Quest 5 Game Information
development process for Space Quest 5 began in December 1991 when
director Mark Crowe and assistant director David Selle sat down
and began roughing out the story line for The Next Mutation. It
took them about a month of conceptual work to come up with the preliminary
design and story for Space Quest 5.
next phase of development was to firm up the story line, flesh out
the design and draw the storyboards for the project. Technical issues
and feasibility of designer ideas were evaluated and revised with
input from both the programming and art teams. For Space quest 5,
this process stretched out over two month period, during which time
art director Shawn Sharp penciled over 200 sketches for the storyboards.
the storyboards under development, backgrounds for the game were
being roughed out. Nearly one hundred backgrounds and close-ups
called for in The Next Mutation. Background painter Rhonda Conley
was the in-house specialist responsible for painting the many backgrounds
sketched out by hard-working Shawn Sharp.
the storyboards were drawn up and the backgrounds specified, the
animation sequences were planned and a preliminary art schedule
worked out. An extensive list was drawn up for Space Quest 5 detailing
the more than 1100 loops of animations that would be called in the
finished game. Lead production artist Mike Jahnke headed up the
team of artists that undertook this formidable task.
the static backgrounds were painted, they were digitized and scanned
into the computer. The animation sequences were brought into the
game in two ways: some loops were hand-painted, while others were
digitized in a video capture process using live actors and a 3-chip
video camera. Production artists Jarrett Jester, Kerrie Abbott,
Ron Clayborn and Sean Murphy took these raw images and shaped them
into the animation loops and backgrounds that were incorporated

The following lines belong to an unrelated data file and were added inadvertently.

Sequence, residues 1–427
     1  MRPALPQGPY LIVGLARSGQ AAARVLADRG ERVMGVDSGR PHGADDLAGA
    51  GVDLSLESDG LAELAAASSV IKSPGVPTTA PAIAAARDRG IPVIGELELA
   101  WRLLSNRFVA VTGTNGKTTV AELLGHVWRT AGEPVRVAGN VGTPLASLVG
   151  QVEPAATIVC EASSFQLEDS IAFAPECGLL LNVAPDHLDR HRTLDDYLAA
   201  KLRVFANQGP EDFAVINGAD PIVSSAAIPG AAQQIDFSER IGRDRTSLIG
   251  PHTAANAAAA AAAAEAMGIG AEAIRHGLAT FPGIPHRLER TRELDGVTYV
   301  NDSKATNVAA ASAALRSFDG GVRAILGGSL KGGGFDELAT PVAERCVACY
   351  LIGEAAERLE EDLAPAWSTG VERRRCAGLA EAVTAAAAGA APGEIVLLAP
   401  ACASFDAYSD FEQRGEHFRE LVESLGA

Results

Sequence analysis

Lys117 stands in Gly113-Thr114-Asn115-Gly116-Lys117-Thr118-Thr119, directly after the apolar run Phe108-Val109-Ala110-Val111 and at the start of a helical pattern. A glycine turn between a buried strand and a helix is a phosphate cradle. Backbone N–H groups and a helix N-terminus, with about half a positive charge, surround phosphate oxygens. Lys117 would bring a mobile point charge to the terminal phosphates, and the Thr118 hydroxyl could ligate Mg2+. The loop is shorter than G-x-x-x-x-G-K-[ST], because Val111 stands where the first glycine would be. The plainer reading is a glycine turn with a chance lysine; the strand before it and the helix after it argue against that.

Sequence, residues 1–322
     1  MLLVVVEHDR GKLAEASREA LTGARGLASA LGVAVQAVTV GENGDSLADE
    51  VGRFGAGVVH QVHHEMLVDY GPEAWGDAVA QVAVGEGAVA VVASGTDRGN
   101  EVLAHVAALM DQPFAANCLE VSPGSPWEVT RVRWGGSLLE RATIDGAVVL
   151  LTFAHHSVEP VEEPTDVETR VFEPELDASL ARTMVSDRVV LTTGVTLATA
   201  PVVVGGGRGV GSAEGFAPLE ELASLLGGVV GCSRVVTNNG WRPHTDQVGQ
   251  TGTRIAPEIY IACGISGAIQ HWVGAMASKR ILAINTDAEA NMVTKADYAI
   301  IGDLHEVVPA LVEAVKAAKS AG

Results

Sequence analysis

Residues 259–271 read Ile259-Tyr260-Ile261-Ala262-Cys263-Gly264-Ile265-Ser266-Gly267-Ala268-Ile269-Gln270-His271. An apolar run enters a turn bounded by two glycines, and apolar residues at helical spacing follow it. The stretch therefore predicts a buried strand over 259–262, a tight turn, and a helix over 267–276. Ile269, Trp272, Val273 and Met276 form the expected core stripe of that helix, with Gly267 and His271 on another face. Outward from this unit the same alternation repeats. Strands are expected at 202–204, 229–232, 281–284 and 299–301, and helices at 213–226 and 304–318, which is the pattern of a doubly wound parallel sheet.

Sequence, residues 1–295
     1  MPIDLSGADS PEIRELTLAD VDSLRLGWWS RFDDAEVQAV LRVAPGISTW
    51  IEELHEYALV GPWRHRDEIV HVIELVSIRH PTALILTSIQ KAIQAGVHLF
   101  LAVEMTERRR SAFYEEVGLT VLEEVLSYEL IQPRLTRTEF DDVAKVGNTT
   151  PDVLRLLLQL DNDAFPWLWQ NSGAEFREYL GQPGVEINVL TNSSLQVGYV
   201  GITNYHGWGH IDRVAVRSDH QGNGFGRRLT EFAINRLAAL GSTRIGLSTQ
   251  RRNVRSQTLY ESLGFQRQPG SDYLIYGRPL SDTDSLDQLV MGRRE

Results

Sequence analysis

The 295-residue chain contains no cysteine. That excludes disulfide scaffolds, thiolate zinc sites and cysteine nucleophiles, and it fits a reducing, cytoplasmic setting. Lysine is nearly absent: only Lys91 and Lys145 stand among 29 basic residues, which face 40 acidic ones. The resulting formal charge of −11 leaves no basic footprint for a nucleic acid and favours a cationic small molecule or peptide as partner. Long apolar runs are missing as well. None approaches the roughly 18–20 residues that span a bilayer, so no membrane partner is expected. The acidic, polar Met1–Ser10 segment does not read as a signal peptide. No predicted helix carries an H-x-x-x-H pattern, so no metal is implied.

into the final game.
four months into project, the final production schedule was arrived
at and the programming team fired up, led by David Sangathe. As
the artists finished artwork, the programming team went to work
combining the disparate elements of the game into a cohesive whole.
Programmers Geoff Rosser, Nancy Hamilton, Joe Nelson, and Hugh Diedrichs
faced the daunting task of brining together art, music, and story
elements within the framework of the overall game design. Space
Quest 5 was programmed using a proprietary scripting language called
SCI (short for Sierra Creative Interpreter).
in the production process for the game, a sound and music specification
was drawn up by the design team and given to composers Chris Stevens
and Tim Clarke. Together, they sweated over every grunt, gasp and
groan that went into the final game soundtrack. Meanwhile, Assistant
Director David Selle shouldered the burden of writing the myriad
of text and dialogue needed for The Next Mutation.
programming was completed, the game faced a four-month quality assurance
process led by Forrest Walker and Greg Giles to ensure that no bugs
or glitches remained in the shipped version of the game. This article
was reprinted from the official Space Quest 5 hint book.
game was originally sold for $69.99 and was included later on in
several bundles and collections. The original game came with:
- a box
- five 3.5" game disks
- Sierra game manual
- the Galactic Inquirer tabloit
- an Osborne insert about their Sierra Authorized hint books
- several other inserst, one of them a Sprint offer (figures)
- optional hint book for $9.95
- Sierra games catalogue